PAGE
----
I knew I would love En Garde! when I saw Adalia de Volador, the game’s swashbuckling protagonist.
Adalia is, first and foremost, an expert swordstress, her rapier slicing and dicing anyone who gets in her way. She’s incredibly acrobatic, dodging and diving out of trouble gracefully. Her wit is as sharp as her blade as she taunts her opponents with cheeky jests. And last but not least, she’s a hero of the people, a daring adventurer who strives to topple the monarchy and return its wealth back to those beneath it.
Adalia is an instant scene stealer, but swooning aside, developers Fireplace Games have given her the perfect stage. En Garde! is an action-adventure with challenging swordplay, a cast with endless charisma, and a sun-kissed backdrop that’ll have you booking the next direct flight to Spain.
In En Garde! you play as the loveable scoundrel herself as she thwarts the plans of the evil Count-Duke and his bumbling cohort. Structured into four chapters with their own self-contained story, Adalia needs to swoop in and save the day by fighting her way through the waves of soldiers, duelists, and lackeys until a final dramatic encounter at the end of each episode. You’ll be running through plush mansions, infiltrating fortresses, navigating underground lairs, and dashing between the town’s stone-paved streets. It’s a lighthearted comedy, that wouldn’t feel out of place in a Saturday morning cartoon line-up, and all to the sound of an upbeat original soundtrack full of bombastic bravado, complete with a castanet player who sounds like they’ve chugged three Red Bulls.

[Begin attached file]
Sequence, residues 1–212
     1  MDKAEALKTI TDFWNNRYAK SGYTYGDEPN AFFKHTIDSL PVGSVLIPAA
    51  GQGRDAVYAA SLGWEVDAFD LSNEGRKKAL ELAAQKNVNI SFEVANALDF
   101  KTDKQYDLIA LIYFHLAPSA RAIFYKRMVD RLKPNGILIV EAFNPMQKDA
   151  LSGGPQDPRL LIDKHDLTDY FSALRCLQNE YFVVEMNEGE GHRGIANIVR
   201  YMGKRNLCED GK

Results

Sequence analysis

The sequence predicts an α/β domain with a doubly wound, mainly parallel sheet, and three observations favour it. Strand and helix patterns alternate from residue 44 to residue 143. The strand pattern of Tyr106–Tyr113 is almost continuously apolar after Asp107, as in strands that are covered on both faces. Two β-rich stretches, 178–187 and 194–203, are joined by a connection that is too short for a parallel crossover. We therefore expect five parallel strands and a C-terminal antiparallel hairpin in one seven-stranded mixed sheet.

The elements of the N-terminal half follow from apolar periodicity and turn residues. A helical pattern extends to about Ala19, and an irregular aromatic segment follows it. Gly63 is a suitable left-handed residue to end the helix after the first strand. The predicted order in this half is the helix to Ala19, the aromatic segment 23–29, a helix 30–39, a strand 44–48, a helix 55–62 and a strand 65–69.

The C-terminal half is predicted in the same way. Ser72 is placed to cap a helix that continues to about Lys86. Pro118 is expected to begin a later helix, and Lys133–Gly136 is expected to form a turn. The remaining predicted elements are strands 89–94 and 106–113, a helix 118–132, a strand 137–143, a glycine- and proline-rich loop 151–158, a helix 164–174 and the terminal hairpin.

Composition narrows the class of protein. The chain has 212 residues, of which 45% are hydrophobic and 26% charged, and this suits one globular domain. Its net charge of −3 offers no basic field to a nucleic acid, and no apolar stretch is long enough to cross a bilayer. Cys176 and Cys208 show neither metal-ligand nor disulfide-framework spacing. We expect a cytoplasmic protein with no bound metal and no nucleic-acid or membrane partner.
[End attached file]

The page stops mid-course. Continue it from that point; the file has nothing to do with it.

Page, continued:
The heart of En Garde! is the game’s combat; the swish and slash of sword fighting. Getting to grips with the art of the blade relies heavily on your timing. Colour-coded circles indicate when to dodge and parry an enemy’s incoming attacks, and keeping an eagle eye out for an opening to land a well-timed riposte is just as important. You’ll learn these lessons by first dueling enemies 1v1, but En Garde! quickly begins to throw groups of goons at you thick and fast, forcing you to divide your attention from one lackey to a whole gaggle of armed soldiers and guards.
En Garde! is challenging, but I wouldn’t say punishing, as the game gives you plenty of clues for outwitting your opponents. An HP is represented as little dots floating above a ‘guard’ bar and getting that bar down to zero with a string of successful parries and strikes, and you’ll start to dispose of those dots. When facing tougher foes, their guard bar will have a lightning symbol, which means if they dodge one of your incoming attacks, they’ll instantly regain guard points.
Speaking of symbols, there is plenty to remember. Stunned, weakened, and surprised enemies all have their own icons and enemy conditions can stack. It’s a lot you need to consider in the fast-paced throws of combat En Garde! and it will not let you get away with button-bashing and hoping for the best. Sometimes all these signifiers can get lost in the throws of combat, but my general rule of thumb was that if the bar goes down – that’s good! If you are having trouble keeping pace, there are options. En Garde! has an Easy mode and an invincibility mode that you can toggle on and off.